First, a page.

Right. I think that’s such good advice. And I think so many times, not just HR leaders, but any leaders, like, we want to point fingers at other people to say, “Well, they’re not giving me opportunities,” or “They’re not inviting me,” or “They’re not giving me a budget,” or whatever it might be. And I always say, you gotta point those fingers inward, like, what are you doing? As you just mentioned, so many free resources and things that… doesn’t have to have a budget for that. I mean, ask for the budget, too, but…

Jennifer 26:50
But the reality is, if they give you a budget, they’re probably going to tell you how to spend it.

JoDee 26:54
Right. [Laughs]

Susan 26:54

Jennifer 26:55
If they give you a budget, they’re gonna say you need to go to this course on how to deal with difficult people or, you know, financial accounting for non financial managers, and you’re like, hey, you know, that’s… that’s not either what I’m interested in, or I don’t feel like where I really need to grow. So, you know, at least from my own experience in corporate America, budgets are often tied to specific things that somebody else, again, identifies for you. And while you’re complaining, you know, while people are complaining about, you know, “I’ve not got a budget” or “They won’t let me” or “No one’s telling me what I need to learn,” other people are out there learning, and they’re just gonna, like, pass you up. So own it.

JoDee 27:29
That’s right. Well, Jennifer, we love to talk to people about finding joy in their work. So what’s something our listeners… some advice you might have for our listeners on how they might spark a more JoyPowered® conversation and/or environment with others?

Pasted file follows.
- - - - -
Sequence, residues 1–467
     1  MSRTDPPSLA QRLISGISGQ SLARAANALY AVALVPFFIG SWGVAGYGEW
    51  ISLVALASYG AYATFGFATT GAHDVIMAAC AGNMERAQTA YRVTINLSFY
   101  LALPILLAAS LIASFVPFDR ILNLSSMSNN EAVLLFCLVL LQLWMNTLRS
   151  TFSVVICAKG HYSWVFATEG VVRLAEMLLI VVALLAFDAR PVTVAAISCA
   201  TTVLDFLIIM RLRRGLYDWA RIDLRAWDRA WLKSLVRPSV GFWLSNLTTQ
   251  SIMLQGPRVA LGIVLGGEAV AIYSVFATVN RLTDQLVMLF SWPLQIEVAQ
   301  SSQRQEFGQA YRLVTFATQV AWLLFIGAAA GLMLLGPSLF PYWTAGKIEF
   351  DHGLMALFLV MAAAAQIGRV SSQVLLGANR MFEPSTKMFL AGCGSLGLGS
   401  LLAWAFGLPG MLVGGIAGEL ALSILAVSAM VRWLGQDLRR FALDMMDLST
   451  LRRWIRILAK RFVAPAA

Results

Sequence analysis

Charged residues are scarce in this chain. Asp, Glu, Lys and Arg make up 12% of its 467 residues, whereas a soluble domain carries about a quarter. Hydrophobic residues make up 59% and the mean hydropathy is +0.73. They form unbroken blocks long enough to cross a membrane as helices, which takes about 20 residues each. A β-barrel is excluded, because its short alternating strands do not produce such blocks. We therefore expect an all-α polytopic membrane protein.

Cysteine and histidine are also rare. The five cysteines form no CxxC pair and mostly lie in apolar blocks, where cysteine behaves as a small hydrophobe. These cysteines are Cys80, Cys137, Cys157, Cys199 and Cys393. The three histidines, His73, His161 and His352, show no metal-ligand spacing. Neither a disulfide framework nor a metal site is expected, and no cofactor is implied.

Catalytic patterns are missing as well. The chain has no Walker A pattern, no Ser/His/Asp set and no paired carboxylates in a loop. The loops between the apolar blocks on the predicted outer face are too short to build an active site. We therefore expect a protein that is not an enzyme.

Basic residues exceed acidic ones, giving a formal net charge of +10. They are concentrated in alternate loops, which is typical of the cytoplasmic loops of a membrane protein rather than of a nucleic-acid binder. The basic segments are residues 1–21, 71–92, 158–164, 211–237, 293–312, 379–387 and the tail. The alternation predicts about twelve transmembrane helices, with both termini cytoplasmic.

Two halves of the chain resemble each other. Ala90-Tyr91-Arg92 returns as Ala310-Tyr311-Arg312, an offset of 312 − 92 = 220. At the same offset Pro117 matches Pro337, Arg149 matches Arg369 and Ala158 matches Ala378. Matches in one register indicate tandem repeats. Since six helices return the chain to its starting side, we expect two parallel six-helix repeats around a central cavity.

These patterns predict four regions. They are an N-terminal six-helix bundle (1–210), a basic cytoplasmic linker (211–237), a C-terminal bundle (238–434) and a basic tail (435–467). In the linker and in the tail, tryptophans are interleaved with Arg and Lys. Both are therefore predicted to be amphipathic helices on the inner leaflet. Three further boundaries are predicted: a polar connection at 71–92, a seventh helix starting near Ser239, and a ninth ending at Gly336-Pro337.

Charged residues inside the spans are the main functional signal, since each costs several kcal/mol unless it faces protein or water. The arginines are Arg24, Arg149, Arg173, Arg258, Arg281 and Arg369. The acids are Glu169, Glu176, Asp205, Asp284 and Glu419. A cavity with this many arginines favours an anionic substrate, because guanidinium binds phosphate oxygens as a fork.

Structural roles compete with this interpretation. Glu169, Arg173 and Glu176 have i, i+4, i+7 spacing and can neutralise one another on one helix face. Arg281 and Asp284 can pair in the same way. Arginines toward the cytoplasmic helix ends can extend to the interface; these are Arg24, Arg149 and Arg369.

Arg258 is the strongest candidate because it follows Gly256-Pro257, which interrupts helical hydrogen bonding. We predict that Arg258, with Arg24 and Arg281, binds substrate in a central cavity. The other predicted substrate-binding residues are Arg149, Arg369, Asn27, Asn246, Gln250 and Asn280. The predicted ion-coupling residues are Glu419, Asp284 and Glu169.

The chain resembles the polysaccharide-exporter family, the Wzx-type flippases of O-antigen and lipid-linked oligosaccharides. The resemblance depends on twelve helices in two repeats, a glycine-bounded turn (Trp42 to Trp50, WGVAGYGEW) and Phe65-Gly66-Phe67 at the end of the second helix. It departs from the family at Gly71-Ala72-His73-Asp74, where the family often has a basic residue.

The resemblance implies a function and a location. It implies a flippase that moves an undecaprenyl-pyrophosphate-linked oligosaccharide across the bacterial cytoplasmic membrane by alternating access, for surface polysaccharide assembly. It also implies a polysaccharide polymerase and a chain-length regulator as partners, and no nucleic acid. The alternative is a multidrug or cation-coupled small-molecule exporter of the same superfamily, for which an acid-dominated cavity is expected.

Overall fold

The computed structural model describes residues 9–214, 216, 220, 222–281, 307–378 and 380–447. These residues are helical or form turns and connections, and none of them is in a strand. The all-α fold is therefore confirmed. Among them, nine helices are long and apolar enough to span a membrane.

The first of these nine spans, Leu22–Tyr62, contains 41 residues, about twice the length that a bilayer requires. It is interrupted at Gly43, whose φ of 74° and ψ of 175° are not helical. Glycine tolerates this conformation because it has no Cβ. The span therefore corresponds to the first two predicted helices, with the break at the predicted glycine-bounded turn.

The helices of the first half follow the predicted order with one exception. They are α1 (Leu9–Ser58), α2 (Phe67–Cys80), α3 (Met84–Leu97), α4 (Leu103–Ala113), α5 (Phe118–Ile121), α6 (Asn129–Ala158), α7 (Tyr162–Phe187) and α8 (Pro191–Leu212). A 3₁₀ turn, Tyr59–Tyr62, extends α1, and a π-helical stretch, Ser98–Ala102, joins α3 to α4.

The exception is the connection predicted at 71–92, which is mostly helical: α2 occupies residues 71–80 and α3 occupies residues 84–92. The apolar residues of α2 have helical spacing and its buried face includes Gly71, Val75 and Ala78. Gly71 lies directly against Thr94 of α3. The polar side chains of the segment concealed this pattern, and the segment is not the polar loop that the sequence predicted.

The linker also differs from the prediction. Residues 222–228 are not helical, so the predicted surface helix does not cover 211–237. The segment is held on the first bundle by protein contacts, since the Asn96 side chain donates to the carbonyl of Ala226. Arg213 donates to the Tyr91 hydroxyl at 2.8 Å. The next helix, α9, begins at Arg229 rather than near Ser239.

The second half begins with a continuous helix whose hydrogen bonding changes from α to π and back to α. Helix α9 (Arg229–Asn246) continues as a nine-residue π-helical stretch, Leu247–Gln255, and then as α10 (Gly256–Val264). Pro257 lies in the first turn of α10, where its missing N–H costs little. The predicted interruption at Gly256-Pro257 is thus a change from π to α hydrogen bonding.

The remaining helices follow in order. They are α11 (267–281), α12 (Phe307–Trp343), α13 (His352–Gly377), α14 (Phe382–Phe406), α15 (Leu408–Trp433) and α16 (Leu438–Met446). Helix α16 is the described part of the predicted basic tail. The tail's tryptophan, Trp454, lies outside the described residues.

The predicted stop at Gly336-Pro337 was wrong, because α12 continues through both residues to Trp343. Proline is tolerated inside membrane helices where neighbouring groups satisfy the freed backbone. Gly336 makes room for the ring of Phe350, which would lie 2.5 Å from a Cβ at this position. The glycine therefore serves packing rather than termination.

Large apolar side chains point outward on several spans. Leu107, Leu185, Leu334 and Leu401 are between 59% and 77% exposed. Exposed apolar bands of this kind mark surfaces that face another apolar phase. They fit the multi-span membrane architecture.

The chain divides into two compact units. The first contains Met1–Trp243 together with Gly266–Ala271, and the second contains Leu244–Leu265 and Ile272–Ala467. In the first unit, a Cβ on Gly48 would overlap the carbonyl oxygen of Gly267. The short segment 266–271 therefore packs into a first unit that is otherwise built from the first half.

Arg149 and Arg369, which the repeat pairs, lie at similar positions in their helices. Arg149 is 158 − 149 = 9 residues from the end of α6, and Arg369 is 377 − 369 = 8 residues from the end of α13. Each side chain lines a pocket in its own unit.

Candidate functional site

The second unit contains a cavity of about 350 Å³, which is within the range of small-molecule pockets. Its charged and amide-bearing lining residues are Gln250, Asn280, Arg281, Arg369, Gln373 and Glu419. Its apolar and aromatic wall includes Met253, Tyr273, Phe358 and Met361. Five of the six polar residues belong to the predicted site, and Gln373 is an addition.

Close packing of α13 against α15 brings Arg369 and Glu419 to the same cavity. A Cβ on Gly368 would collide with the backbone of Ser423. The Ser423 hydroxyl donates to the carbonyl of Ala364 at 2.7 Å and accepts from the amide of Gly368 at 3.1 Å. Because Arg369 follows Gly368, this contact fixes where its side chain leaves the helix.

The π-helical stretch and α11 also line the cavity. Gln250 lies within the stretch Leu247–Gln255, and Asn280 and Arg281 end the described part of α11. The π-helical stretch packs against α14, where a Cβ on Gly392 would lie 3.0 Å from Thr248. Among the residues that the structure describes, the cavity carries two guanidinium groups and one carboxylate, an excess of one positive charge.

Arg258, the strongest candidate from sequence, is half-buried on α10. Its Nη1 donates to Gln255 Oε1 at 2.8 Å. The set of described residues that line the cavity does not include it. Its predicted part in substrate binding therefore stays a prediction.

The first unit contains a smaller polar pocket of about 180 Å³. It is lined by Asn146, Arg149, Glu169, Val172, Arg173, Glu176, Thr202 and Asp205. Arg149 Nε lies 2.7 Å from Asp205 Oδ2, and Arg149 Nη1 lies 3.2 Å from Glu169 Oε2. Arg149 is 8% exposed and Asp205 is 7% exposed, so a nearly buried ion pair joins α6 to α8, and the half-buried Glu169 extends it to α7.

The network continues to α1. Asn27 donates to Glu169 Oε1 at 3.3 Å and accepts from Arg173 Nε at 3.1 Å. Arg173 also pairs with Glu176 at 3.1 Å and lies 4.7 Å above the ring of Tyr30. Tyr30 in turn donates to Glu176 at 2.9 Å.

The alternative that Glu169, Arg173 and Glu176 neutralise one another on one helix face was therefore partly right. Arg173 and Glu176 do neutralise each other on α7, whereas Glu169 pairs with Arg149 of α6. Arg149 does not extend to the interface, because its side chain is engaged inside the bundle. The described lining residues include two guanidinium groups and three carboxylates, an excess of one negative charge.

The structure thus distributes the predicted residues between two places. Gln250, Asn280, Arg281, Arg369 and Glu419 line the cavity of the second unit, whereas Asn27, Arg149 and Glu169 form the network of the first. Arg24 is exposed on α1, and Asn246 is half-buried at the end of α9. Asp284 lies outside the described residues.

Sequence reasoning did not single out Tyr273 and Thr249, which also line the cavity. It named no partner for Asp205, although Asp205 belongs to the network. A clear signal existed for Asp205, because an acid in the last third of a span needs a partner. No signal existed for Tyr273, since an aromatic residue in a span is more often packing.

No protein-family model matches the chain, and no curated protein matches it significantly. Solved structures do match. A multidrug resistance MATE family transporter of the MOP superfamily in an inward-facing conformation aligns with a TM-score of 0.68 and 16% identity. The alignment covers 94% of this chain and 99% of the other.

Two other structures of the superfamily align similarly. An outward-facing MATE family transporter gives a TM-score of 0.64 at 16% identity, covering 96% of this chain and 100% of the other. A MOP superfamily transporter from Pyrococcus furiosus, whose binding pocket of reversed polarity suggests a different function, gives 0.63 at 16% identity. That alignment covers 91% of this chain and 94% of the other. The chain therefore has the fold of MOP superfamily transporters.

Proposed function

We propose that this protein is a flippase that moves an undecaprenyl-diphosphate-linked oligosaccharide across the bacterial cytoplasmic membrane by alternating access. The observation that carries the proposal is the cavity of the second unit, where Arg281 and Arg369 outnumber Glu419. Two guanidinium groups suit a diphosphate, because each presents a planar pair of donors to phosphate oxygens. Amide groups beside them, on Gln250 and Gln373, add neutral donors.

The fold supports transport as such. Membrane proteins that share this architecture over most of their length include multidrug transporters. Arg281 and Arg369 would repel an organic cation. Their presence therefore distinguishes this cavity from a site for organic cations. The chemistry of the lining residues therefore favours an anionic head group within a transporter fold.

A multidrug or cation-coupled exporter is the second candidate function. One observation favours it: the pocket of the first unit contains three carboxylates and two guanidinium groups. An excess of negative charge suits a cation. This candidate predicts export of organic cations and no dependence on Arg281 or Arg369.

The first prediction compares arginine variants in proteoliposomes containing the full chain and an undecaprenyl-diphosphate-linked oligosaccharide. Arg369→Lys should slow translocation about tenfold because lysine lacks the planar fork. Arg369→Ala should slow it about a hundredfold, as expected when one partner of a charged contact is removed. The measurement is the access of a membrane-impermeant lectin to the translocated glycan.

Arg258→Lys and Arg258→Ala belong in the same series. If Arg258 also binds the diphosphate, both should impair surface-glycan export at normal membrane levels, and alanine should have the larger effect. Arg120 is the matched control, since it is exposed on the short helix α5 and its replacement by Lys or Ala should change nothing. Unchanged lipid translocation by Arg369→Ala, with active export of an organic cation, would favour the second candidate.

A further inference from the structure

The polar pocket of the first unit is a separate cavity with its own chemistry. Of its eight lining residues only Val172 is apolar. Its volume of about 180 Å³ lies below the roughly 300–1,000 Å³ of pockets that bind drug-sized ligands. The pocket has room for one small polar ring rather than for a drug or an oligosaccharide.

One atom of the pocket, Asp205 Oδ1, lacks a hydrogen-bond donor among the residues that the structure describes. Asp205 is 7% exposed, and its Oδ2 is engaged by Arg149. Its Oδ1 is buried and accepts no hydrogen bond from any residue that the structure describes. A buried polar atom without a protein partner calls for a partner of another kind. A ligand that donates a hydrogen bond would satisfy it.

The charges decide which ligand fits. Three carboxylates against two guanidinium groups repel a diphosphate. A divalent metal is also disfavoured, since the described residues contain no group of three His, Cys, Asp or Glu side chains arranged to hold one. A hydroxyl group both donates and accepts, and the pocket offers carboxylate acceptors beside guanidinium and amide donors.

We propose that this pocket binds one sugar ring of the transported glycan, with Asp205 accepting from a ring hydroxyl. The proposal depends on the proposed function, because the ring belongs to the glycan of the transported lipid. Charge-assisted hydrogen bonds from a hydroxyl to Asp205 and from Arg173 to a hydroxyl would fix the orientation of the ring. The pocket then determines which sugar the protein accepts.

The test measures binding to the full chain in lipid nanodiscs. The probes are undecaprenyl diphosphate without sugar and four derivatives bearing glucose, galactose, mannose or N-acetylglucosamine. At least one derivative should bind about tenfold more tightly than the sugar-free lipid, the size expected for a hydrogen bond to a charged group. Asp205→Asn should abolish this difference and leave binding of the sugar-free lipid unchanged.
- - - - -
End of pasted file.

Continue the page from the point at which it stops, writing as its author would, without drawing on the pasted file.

Jennifer 27:47
Oh, that’s a great question. Well, I mean, it’s probably cliche to say “find something that you’re passionate about and pursue that.” Doesn’t have to be your job. I think we’ve tripped ourselves up over, like… for me, for example, I’m passionate to obsessed – I’m actually obsessed with horses. You know, that’s my passion. That’s what feeds my soul. I have a couple that, you know, that being outside with them, riding, taking riding lessons, all that feeds my soul. I joke about that I’d love to be, like, a barn manager or…

JoDee 28:17

Susan 28:17

Jennifer 28:17
…something, or a groom or something for a living. But the reality is, I’m also passionate about the work that I do, and the work that I do funds my passion. So, you know, my horse… my trainer, who’s the owner of the the place where I board, that’s her business, you know, she rides several horses a day, she teaches lessons all day, she has to deal with all the ups and downs of running a big boarding facility. Her passion has become often a job, you know. So I think we often… we put that out there as an excuse. “Well, my passion is this and I can’t work in my passion because…” either I won’t make enough money or, you know, whatever the reasons we tell ourselves. Don’t let your passion be your job. Now, for me, my job is something that I’m passionate about, but my passion is horses. So I think it’s really important to kind of know what makes you happy and make time for that. If that’s a piece of your job, great. But make sure that you also have time for things outside your job, even if that’s your passion, to create joy, because you are more than just your job. I think… what is it Laurie Ruettiman says? “Your work is not your worth.”

JoDee 28:57

Susan 29:17
Oh, I like it. Jennifer, how can our listeners reach out to you if they’d like additional information on this topic or want to engage with you?